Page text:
With Father’s Day coming up this weekend, I decided this would be an appropriate time for a post about some of the many hockey father and son combos that we’ve seen over the years. I’ve always had the sense that there are more cases of fathers and sons playing in the NHL than in other major professional sports leagues. The frequency with which it happens in hockey is fascinating to me.
A couple years ago, I wrote a Father’s Day post about my dad, which you can read here. In that post, I mentioned that I had some ideas about why dad/son combos are so common in hockey, and promised to touch on those ideas in a later post.
Well, this isn’t that later post. I do still want to explore the reasons, but for now I’m punting that topic down the road a bit (again). Today, I just want to look at the frequency of the father/son trend in hockey, and highlight some of the most interesting combos from both the past and the present.
By the Numbers
Let’s start with some basics. From when the NHL started in 1917 through the end of the 2019-20 regular season, there had been 191 NHL players that had a son who went on to play in the NHL himself. And since some players had more than one son that played in the league, there were 212 sons in those father/son combos.
The numbers just keep growing every year, too. After accounting for players that made their league debut in the 2020-21 season, the NHL’s father/son club now stands at 197 dads and 220 sons.
That’s pretty crazy, because that means that more than two percent of players that have played in the league have had a son go on to play in the league themselves. Sure, there are lots of cases where one or both generations only played a game or two in the NHL, but still…
There have only been two families – the Howes and the Hulls – where both a father and son have been inducted into the Hockey Hall of Fame as players. I’ll talk about both of those families in a minute, but it raises an interesting question – could there be any instances of this in the future involving current players?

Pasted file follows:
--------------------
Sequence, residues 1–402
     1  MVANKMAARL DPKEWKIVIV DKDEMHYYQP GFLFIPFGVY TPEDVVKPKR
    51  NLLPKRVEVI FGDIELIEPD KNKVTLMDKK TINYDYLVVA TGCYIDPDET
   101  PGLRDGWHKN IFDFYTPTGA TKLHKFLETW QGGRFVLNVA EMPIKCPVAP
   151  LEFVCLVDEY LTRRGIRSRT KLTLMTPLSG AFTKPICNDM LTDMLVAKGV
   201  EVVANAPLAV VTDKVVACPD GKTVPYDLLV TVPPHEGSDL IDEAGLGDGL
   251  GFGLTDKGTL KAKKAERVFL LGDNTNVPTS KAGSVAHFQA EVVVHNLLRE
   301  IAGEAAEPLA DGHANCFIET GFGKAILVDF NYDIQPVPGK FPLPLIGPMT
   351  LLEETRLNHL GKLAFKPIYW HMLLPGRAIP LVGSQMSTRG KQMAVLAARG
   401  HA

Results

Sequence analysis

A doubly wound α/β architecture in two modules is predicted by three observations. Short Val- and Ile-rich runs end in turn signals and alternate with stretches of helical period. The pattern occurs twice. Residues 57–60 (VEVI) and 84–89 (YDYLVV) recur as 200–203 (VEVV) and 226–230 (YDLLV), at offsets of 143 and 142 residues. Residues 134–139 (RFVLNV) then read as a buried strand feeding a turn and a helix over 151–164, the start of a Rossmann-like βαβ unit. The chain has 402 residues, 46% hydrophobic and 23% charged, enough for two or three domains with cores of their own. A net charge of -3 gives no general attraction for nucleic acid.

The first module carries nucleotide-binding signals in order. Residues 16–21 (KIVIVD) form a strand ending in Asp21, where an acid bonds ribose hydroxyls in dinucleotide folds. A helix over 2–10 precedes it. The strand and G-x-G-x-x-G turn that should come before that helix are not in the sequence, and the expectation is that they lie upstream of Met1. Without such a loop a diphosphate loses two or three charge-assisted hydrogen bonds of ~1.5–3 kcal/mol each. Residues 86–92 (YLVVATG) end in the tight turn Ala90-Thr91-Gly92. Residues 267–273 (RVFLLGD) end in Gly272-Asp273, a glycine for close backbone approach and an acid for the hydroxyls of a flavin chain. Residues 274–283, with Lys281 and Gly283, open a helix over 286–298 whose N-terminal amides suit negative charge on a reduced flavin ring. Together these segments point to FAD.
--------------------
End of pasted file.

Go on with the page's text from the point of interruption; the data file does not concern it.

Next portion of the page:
Personally, I think it’s unlikely. As far as I know, the only current NHL player whose dad is already in the Hall of Fame as a player is Paul Stastny, whose father Peter was inducted in 1998. Paul is a good player, but I can’t see him making the Hall of Fame.
The only other family that might have a chance is the Tkachuk family. That might sound strange since dad Keith retired in 2010 and isn’t in the Hall of Fame yet, but given that he had 538 career goals and was one of the premier power forwards of his generation, I think he’ll get there eventually. The question is, will either of his sons Matthew or Brady put together a career that gets them in?
Personally, I don’t think either of them is on a Hall of Fame trajectory yet. Both are good players, and important pieces of their respective teams, but if you take their numbers so far in their careers and project them out, neither would reach 400 goals until they had played nearly 1300 games. That’s a very long career (especially given the physical style both of them play), and that 400-goal threshold still is not any kind of guarantee for Hall of Fame consideration.